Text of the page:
Human-centered design requires us to observe human behavior with beginner's eyes, so that we can spot the innate ways people interact with the world around them. We call these intuitive and unconscious reactions Thoughtless Acts, and IDEO designers collect photos of them to inspire their work.
“What's going on there?” asked my colleague Ed, in his usual bouncing demeanor, pointing at my phone propped in its handy, commonly-found, IKEA glassware receptacle.
I was in the last weeks of a project, building out a mobile-first website to showcase our final deliverables. I was going about my usual process, with a minimal set up: designing the UI in Sketch, mirroring the artboards on my phone.
“What? This?” I replied, adjusting the angle of my glass full of iPhone.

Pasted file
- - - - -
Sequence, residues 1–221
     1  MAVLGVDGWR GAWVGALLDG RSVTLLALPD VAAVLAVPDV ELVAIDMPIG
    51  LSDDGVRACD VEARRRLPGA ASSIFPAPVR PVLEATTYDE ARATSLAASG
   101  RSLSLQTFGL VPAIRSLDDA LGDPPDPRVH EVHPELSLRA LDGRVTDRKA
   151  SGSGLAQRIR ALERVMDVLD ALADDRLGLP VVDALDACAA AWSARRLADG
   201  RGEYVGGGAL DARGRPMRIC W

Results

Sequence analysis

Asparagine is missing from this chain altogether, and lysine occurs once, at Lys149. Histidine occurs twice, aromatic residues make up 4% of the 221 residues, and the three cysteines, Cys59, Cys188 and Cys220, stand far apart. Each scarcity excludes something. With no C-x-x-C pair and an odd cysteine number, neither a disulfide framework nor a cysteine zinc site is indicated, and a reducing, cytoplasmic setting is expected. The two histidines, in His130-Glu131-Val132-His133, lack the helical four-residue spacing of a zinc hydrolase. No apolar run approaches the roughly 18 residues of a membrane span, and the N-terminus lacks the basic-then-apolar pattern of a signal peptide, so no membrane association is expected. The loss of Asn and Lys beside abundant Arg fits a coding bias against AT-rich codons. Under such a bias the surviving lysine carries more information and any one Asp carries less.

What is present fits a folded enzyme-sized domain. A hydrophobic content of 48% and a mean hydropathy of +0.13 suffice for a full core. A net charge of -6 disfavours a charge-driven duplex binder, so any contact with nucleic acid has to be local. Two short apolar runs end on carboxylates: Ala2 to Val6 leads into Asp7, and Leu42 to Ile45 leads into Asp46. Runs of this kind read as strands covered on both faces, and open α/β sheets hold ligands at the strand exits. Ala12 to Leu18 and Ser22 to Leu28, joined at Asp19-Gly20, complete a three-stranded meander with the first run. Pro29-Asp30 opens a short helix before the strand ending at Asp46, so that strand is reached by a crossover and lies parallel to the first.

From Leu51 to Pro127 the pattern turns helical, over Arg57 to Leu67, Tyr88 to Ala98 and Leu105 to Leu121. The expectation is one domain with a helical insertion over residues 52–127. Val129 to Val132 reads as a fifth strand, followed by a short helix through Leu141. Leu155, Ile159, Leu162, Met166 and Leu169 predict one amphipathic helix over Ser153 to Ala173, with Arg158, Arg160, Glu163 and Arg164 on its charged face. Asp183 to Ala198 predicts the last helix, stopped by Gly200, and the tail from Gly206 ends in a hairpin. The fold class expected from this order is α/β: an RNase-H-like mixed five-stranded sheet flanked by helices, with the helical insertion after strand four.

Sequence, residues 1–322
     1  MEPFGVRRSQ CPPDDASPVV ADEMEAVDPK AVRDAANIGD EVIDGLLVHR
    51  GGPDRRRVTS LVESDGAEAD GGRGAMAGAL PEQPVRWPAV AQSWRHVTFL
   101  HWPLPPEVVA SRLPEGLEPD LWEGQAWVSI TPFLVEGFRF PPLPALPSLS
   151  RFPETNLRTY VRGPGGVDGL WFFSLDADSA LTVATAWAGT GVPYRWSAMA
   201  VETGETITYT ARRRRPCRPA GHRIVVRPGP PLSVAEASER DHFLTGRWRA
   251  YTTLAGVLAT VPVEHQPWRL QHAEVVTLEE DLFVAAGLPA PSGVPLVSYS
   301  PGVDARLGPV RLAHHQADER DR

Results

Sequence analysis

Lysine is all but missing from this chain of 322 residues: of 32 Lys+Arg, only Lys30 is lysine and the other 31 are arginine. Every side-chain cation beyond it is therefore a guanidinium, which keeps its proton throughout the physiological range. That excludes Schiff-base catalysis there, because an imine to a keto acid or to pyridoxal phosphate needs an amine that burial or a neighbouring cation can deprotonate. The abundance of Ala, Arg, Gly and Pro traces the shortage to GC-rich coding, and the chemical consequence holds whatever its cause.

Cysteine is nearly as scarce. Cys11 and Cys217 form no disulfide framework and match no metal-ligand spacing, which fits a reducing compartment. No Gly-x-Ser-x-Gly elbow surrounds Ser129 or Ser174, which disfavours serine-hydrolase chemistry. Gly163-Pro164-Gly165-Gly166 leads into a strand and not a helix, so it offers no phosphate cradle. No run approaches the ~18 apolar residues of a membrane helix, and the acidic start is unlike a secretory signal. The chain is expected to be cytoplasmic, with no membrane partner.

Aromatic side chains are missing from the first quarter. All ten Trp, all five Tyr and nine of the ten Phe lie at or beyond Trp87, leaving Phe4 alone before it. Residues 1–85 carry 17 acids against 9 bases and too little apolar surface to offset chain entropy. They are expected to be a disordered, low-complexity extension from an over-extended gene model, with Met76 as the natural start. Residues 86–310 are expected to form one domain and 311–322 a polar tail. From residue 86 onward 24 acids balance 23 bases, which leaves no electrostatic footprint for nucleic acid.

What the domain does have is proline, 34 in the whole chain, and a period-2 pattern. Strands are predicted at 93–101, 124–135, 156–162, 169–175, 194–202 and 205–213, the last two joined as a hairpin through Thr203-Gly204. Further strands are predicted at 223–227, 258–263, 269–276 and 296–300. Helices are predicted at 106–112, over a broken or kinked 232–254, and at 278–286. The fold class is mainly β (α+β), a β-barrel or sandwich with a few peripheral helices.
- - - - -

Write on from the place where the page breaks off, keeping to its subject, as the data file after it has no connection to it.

“Yeah. I've never seen anyone do that before,” he chimed back.
It dawned on me that this behavior in my design quiver—something I'd been doing since my very first mobile design moment—may not be that common.
Instead of having to stop and pick up my phone every time I need to check my work, I just plop it in a glass, adjust the angle, and check my design’s mobile readiness with a glance.
The adjustability and the “there's probably one lying around” factor of a drinking glass elevates it to a handy design tool that I’ve used throughout my career.
And once you’ve shipped the design, it also makes for a great vessel for a celebratory swally.